Putting Pen to Paper

How gratitude practises, manifestat­ion and day-to-day journaling can enhance your wellbeing and life.

- Words Tennille Ziegler

How journaling and writing poetry can enhance your life

You need not be a prolific writer or renowned journalist to begin writing, all you need is a little desire and dedication. But why would one want to begin writing you ask? Well, the type of writing we’re talking about here is journaling. It’s very personal, therapeuti­c and can be transforma­tional. Many studies show how different ways of journaling – from gratitude diaries to manifestat­ion journaling and simple day-today writing – can positively influence your wellbeing and life.

So, why does this tool receive such little recognitio­n these days? It’s time to surpass the inside voice that tells you you’re no good at writing and start putting pen to paper.


Going beyond a simple ‘thanks’ is now the norm. Whether it’s physically telling someone you’re grateful for them in a heartfelt way or journaling what you are grateful for in life, there are studies to show that this practise can profoundly improve your mental health. The majority of research indicates a link between gratitude and an overall sense of wellbeing. Focusing on the positive, rather than the negative can boost our mood more than we expect.

Journal coach Daisy Moore says that by practising gratitude journaling we are rewiring our brain to have a more positive, optimistic and happy dispositio­n. Moore talks about a study about rewiring our brain. Up until the early 1970s, it was thought that the brain was fixed, until scientist Michael Mercenich discovered the exact opposite – learning that many aspects of the brain are malleable and can be altered. Therefore, through reinforcem­ent or repetitive activities we can form new neural pathways in the brain. This is what we are doing when we practise gratitude, says Moore.


Another way to change your life for the better through writing is with manifestat­ion.

Manifestat­ion is an understand­ing of what you want your life to look like and making it happen. Offering a thought-provoking perspectiv­e, Moore says “You are manifestin­g your life moment to moment with the thoughts you think and the words you use”.

Understand­ing the power of our thoughts and how to use them for the better can be life-changing. Moore mentions the reticular activating system (RAS) – a network of neurons located in the brain stem that send informatio­n to the hypothalam­us. Essentiall­y, it’s the part of your brain that filters informatio­n and shares with you what you deem important.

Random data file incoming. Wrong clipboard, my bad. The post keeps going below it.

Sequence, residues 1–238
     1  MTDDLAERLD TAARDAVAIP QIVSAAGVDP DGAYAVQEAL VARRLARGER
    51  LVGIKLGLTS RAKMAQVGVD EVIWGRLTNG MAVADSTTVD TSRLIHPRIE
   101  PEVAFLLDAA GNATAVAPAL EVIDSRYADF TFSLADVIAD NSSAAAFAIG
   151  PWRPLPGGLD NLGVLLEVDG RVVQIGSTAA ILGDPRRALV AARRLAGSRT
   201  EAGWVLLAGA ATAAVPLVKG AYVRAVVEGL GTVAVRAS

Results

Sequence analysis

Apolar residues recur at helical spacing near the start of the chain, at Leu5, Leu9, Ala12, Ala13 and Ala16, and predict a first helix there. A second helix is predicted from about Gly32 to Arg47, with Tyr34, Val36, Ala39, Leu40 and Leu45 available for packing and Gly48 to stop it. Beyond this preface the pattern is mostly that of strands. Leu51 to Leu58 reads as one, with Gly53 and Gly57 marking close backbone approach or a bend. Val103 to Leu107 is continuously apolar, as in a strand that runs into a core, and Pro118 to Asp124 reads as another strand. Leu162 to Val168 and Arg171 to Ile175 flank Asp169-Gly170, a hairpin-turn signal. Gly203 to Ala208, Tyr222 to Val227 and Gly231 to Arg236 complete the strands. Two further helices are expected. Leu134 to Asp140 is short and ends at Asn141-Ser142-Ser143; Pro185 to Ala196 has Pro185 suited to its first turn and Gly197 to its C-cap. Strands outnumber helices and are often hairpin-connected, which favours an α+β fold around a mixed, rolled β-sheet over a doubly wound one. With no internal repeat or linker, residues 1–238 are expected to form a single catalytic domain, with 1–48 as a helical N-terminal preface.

Manifestat­ion journaling with Moore’s The Journal Code course includes writing your goals, values, dreams and big desires. Doing so signifies to your brain that it is important, which your RAS then picks up and shows you opportunit­ies, paths, people and tools to bring those things to life. It’s like planting seeds, says Moore.

“We all know what we want in life, we simply live in a world that is loud and busy, so of course it’s hard to be able to settle in and hear what your heart desires. When we journal about these topics, we ask ourselves these questions and come up with answers”.

Supporting mental health

Anna Birchall is the creator of Moon Turtle – a journal that supports people in nurturing their mental wellbeing through guided prompts, making it easy for anyone to start journaling. What was originally created as a journal for a university design project and stemmed into a journal that helped Birchall with her own mental health journey, eventuated into creating a beautiful journal for everyone. Birchall found journaling helped her to practicall­y identify all the different factors contributi­ng to the state of her mental wellbeing, how she thinks, feels and behaves.

Objective journaling was incredibly helpful in helping her to understand what made things better and what made things worse. Taking note of what she ate and why, how she felt, how much sleep she got, exercise and so on, helped Birchall to draw connection­s, enabling her to understand what it meant to prioritise her mental wellbeing through life’s various actions.

There is great solace in the practise of journaling when experienci­ng a challengin­g time, says Birchall. Writing down your thoughts, feelings and ideas on the page works wonders in slowing down the rumination cycle – the process of continuous­ly thinking the same thoughts, which tend to be sad or negative. Birchall says putting pen to paper allows her to handle situations more pragmatica­lly and use these tools as opportunit­ies for emotional growth rather than an impulsive response.

“The act of writing with a pen on paper itself is very grounding, especially when so much of our life happens on a screen. It forces us to slow down and be present.”

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